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"Unto" usually has the idea of something being presented or given to someone/something.

When I read the sentence above I noticed that the writer, a native of English language, used has in a way that in Italian language wouldn't be accepted as correct, not even figuratively, just because words are not able to think.

So, the questions are: Does this way of using "has" sound natural or idiomatic in English language? Or, wouldn't it be better using "suggests" in the sentence above?

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    Carlo, you're generating questions from your own questions :) Mar 3 '13 at 18:10
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    English and Italian are different in how have and be are used. There are times where English would use be ("I am your age"), and Italian would use avere (ho la tua stessa età); there are times where English would use have, and Italian essere.
    – apaderno
    Mar 3 '13 at 21:38
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Has can have the meaning of contains, as being a part of something.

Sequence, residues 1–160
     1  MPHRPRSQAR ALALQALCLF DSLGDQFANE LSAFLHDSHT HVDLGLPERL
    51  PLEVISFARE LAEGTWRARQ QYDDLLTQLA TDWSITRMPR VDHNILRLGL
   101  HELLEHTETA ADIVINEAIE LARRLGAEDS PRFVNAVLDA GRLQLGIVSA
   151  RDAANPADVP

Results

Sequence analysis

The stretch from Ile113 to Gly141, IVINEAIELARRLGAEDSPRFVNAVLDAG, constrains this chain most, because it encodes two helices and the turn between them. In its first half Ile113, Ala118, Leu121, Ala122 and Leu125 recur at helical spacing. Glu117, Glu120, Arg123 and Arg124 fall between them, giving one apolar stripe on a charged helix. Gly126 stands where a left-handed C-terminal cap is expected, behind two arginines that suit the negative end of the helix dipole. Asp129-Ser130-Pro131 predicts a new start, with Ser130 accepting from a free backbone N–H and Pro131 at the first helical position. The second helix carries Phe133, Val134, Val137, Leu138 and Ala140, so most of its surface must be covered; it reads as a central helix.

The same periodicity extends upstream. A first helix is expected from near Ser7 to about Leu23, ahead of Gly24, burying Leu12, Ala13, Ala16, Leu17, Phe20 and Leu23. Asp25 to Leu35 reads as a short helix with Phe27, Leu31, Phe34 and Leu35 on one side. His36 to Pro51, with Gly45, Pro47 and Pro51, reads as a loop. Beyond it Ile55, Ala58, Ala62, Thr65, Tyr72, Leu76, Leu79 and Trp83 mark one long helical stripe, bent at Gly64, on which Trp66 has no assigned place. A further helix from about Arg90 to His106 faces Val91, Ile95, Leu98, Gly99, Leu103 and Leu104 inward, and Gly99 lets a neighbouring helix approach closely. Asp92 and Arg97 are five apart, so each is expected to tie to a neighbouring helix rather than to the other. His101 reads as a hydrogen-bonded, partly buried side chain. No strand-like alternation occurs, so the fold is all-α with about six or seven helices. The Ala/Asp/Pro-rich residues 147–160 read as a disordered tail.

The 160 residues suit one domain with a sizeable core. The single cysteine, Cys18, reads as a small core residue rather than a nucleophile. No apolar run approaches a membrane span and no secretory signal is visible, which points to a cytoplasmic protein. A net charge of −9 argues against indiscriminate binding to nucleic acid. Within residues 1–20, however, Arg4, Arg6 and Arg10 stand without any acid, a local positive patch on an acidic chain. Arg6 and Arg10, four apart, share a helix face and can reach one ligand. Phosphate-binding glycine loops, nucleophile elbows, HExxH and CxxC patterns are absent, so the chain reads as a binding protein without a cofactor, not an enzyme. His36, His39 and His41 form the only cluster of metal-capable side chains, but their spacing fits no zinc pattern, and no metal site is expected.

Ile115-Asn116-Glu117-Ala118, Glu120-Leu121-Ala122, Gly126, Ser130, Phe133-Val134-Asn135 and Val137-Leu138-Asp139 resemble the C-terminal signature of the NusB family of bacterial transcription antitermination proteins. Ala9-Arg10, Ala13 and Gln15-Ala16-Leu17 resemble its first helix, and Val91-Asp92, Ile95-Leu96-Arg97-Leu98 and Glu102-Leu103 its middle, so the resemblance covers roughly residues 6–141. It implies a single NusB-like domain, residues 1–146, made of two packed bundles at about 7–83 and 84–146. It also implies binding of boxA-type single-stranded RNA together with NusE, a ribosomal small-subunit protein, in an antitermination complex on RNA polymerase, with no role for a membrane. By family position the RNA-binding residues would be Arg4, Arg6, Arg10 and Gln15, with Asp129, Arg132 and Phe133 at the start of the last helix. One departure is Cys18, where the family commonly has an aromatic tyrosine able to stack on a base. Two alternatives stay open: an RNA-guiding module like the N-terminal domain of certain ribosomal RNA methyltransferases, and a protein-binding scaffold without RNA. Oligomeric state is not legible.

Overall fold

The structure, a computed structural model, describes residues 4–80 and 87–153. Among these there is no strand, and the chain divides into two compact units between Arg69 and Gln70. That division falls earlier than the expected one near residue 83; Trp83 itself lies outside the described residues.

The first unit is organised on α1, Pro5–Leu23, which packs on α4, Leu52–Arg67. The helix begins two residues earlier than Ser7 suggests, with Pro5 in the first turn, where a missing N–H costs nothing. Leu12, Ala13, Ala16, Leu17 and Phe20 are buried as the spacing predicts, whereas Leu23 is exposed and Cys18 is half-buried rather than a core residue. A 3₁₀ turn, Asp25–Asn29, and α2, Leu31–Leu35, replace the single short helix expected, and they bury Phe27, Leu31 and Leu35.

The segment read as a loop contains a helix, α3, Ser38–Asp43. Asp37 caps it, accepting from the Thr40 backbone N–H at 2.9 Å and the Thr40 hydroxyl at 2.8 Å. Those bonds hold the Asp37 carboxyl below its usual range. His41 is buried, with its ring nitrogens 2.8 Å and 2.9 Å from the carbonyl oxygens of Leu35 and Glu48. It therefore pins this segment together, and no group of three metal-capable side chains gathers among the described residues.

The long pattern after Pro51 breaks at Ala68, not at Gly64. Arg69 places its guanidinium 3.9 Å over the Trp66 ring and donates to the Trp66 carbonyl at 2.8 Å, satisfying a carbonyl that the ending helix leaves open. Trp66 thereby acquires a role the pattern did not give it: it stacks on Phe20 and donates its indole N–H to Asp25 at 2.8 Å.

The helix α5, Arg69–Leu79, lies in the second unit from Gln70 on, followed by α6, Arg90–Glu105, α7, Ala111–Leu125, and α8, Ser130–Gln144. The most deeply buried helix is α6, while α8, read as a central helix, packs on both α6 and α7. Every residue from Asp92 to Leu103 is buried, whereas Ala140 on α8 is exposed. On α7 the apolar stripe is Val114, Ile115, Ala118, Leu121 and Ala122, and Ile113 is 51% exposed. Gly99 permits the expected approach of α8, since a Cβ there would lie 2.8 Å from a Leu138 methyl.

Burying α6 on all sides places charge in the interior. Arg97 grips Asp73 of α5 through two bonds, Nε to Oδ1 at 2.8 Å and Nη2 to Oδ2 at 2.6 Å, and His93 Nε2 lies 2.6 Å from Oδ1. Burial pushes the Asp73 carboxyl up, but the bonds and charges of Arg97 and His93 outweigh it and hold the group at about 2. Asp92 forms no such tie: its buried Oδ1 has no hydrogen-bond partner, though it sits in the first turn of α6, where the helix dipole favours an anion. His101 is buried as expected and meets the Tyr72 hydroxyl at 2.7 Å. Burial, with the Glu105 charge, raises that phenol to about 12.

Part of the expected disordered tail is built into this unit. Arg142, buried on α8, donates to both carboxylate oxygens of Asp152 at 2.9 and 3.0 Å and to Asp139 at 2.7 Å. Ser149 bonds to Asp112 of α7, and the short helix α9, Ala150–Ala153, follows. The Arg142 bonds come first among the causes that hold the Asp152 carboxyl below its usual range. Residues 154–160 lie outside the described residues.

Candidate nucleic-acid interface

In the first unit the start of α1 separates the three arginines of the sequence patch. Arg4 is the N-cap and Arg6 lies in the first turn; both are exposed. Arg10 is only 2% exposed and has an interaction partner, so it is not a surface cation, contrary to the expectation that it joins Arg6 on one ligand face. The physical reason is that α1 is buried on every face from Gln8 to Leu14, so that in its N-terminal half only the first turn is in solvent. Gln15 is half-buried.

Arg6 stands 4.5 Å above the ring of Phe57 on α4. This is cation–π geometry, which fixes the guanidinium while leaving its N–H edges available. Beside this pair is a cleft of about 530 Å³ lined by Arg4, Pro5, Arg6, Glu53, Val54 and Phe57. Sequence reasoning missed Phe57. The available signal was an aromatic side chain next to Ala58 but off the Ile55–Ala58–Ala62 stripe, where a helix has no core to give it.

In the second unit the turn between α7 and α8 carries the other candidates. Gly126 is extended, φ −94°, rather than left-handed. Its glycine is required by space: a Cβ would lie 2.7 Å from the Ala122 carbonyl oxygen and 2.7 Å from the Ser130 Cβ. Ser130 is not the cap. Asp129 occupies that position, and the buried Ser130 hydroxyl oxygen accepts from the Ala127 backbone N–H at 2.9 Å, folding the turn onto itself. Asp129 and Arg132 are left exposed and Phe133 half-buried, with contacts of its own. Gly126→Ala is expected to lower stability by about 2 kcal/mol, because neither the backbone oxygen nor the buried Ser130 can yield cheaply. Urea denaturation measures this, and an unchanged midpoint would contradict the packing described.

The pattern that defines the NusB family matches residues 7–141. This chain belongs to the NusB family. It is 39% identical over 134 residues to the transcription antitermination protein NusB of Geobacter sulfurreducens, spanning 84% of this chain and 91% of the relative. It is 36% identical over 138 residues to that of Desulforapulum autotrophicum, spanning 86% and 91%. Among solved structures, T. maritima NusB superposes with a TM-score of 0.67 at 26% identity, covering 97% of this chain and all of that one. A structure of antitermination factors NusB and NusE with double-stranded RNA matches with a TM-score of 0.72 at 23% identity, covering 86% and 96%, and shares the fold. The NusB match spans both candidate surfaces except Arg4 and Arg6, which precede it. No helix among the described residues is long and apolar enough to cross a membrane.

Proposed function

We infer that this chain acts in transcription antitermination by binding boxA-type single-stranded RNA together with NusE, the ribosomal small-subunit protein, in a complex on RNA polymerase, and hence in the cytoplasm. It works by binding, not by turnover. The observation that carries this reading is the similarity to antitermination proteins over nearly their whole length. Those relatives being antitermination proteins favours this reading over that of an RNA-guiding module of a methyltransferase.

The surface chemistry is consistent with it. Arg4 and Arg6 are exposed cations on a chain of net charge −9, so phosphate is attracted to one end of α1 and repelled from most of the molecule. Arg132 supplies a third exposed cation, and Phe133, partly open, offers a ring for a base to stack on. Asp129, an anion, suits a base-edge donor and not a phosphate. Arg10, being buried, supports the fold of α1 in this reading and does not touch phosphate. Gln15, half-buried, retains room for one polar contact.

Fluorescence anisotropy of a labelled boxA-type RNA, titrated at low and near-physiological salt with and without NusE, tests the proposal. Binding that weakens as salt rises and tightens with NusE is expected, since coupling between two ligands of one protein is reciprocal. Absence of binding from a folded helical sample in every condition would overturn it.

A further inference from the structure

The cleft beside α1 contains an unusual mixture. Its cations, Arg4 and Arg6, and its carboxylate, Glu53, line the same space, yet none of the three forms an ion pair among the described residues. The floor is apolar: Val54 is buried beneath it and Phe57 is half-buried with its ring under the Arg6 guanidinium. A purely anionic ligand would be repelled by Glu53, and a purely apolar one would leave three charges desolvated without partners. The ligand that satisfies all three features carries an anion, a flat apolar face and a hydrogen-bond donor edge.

The car has a door. The table has 4 legs.

In the quoted usage it is not Unto that is having(thinking) an idea, but rather the idea of being presented something is a part of the essence of the word unto. That is, unto has, associated with it, the idea of something being presented...

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Has the idea in this case uses the words literally, rather than idiomatically, so it has nothing to do with the idiom have an idea, which means invent a concept or come up with a thought.

  • Have here is ‘possessive’ in the broadest sense, indicating not that the word ‘owns’ the idea, has some sort of legal title to it, but that the sense is ‘proper’ or ‘appropriate’ to it , that the idea is a ‘property’ of the word.

  • And idea here is also used in a very broad sense to mean not so much a narrow intellectual conception but a mental area or domain.

Has the idea is a fairly loose, colloquial way of expressing bears the sense.

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